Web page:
I miss the days of Tiger Woods winning nearly every tournament he entered. He’s my favorite golfer of all time and he’s a big part of the reason why I started playing golf.
While he won’t win this year’s British Open, I hope he plays well. With all of the injuries, coach changes, swing rebuilds and off-course drama, Tiger’s days of domination are long gone. But I’m rooting for him to turn back the clock.
I know the TV execs and advertisers are salivating at the possibility.
This year marks the fifth year of my golf career, which means I wish I would’ve started playing at least 25 years ago. Like my newfound love of running 5Ks, the aches and pains I suffer through now would’ve been more bearable as a young man. Every day reminds me that middle-aged healing takes much longer.
I learned to play golf at Los Feliz Municipal Golf Course. One day in 2010, I asked my brother to play a round with me. I’m not sure why I decided to do it and I don’t recall his exact response, but it was along the lines of “what the …?!” Neither of us had ever picked up a club before; the only sport we played in our younger days was basketball (with a smattering of football and baseball).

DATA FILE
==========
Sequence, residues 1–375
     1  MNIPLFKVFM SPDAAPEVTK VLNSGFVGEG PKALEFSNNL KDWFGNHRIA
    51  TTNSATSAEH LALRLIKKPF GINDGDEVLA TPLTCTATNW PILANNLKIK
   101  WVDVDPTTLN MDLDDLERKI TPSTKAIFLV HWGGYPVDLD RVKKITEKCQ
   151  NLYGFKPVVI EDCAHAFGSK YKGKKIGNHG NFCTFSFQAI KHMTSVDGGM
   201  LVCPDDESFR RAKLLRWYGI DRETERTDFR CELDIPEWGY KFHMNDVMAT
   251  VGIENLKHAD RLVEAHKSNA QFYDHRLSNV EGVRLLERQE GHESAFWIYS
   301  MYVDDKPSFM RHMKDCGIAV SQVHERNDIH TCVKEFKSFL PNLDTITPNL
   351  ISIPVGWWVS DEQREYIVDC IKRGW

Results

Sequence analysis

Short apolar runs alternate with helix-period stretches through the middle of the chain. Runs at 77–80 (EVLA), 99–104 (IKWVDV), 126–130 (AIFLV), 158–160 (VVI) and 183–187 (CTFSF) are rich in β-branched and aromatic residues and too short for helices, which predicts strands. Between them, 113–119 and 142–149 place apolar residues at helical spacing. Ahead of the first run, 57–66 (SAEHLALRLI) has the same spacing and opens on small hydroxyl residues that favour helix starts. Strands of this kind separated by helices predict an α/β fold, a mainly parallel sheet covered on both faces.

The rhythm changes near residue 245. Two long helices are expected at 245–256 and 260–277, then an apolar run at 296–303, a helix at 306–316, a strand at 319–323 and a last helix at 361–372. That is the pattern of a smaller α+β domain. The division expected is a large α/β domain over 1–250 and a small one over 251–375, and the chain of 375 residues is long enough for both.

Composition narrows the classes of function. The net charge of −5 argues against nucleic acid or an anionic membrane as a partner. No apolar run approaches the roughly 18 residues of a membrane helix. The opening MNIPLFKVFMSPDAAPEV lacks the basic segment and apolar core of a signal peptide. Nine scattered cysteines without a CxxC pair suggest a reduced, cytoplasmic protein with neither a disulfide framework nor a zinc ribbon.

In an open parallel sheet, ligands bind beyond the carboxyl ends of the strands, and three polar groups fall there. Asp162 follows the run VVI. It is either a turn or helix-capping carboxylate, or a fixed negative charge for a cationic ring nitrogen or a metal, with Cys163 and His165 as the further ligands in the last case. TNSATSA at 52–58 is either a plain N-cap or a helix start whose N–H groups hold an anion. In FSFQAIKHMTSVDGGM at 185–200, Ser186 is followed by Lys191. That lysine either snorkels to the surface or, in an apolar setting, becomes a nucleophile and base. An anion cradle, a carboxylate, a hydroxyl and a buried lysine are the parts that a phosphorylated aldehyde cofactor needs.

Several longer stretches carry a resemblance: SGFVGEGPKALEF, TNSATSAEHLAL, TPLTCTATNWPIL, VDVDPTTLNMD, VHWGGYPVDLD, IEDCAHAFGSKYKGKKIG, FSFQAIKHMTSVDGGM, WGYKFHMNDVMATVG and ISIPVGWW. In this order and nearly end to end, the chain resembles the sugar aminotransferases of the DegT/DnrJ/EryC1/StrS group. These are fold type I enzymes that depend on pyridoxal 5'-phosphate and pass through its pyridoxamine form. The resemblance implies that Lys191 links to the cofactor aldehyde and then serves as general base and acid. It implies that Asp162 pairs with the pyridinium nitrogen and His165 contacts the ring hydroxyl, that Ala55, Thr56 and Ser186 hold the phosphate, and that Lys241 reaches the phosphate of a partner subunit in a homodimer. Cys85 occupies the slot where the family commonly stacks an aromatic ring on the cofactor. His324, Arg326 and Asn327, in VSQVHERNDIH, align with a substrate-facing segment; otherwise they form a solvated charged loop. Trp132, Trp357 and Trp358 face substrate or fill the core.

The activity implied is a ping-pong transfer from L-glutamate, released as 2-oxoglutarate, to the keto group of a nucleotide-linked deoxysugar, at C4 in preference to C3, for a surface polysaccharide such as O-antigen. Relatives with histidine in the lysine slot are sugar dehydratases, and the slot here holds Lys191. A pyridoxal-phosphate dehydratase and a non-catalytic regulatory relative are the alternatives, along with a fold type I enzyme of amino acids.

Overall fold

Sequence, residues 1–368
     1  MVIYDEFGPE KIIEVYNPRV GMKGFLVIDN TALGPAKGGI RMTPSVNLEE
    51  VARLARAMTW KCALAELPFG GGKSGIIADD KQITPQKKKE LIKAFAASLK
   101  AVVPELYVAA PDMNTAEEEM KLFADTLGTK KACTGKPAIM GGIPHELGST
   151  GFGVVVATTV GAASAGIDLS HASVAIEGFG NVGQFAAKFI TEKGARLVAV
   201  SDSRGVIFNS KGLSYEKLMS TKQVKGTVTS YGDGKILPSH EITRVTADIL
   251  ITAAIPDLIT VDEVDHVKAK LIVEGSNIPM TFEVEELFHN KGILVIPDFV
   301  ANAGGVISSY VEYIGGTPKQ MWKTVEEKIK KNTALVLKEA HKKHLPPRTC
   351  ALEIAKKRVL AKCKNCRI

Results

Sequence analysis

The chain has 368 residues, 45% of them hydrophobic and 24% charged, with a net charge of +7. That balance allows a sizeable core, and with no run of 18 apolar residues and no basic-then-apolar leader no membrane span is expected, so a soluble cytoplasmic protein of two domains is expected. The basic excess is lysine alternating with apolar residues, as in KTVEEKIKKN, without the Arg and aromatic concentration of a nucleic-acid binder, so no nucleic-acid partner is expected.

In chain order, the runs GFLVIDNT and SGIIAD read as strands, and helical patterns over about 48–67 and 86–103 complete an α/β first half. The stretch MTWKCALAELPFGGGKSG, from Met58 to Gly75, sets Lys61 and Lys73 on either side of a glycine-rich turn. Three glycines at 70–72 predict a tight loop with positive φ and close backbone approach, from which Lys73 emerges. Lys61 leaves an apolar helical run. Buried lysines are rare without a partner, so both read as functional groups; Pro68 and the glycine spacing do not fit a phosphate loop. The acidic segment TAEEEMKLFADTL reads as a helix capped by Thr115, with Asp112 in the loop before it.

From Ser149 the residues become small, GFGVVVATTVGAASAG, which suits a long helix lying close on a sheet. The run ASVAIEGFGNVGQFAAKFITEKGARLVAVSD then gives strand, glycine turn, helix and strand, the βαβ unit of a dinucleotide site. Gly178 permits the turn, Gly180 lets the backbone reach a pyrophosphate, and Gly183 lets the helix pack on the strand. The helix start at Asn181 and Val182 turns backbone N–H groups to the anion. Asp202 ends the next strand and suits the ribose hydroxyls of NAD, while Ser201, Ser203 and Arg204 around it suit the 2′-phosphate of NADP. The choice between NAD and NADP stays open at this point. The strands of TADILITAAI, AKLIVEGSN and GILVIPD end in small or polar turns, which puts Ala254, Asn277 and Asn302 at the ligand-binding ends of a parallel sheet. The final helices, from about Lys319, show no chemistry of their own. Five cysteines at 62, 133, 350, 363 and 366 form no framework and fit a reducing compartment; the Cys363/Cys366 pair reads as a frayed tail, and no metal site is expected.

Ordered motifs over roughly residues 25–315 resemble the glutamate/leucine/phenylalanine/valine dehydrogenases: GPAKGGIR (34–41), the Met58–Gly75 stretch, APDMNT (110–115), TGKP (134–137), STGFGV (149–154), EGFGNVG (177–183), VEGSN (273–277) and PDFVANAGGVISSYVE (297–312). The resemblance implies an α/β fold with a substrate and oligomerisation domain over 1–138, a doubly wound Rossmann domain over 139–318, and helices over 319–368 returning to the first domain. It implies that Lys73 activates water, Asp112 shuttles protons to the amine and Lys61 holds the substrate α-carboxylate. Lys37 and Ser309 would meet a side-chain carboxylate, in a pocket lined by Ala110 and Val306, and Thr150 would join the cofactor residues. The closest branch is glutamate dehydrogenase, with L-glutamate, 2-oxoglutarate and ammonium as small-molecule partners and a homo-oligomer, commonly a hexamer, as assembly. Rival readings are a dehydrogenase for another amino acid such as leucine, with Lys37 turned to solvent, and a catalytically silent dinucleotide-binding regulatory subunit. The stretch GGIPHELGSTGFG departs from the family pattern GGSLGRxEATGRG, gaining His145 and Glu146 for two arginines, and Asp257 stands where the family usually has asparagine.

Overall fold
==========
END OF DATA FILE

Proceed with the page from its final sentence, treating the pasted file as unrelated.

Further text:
It’s no coincidence that the course was featured in one of my favorite movies, Swingers:
That movie and that scene in particular was a huge hit with me and my buddies, so I thought it was appropriate that I played my initial round there. I’ll have to dig out my scorecard from the garage someday for a good laugh: I scored either a 62 or 63 … on a par 27 course.
Still, Los Feliz was the beginning of my love affair with the game. In the years since (when I haven’t been dealing with a bad knee, back, or Achilles), I’ve played rounds all over Southern California and a couple of courses in Las Vegas, getting both of my brothers into the game and meeting lots of great people along the way. I’ve volunteered a few times at the L.A. Golf Show, won a putter signed by Ben Crenshaw, and was a walking scorer at the Soboba Golf Classic, where young pro Russell Henley was turning heads before making the leap to the PGA Tour.
Now that my nephew has taken a liking to the sport, I find myself revisiting some of the par-3 courses where I honed my skills. It’s been a blast, not to mention confidence-booster, hitting greens again on some of the shorter holes. It’s been meaningful sharing the game with him, teaching him the rules and etiquette as we bond at the courses that I learned at with his dad and other uncle.
I failed to reach my goal of breaking 100 last year, but I’m giving it another shot in 2015 and if I don’t do it, that’s fine. I’ll gladly settle for the quality time with my nephew on a golf course.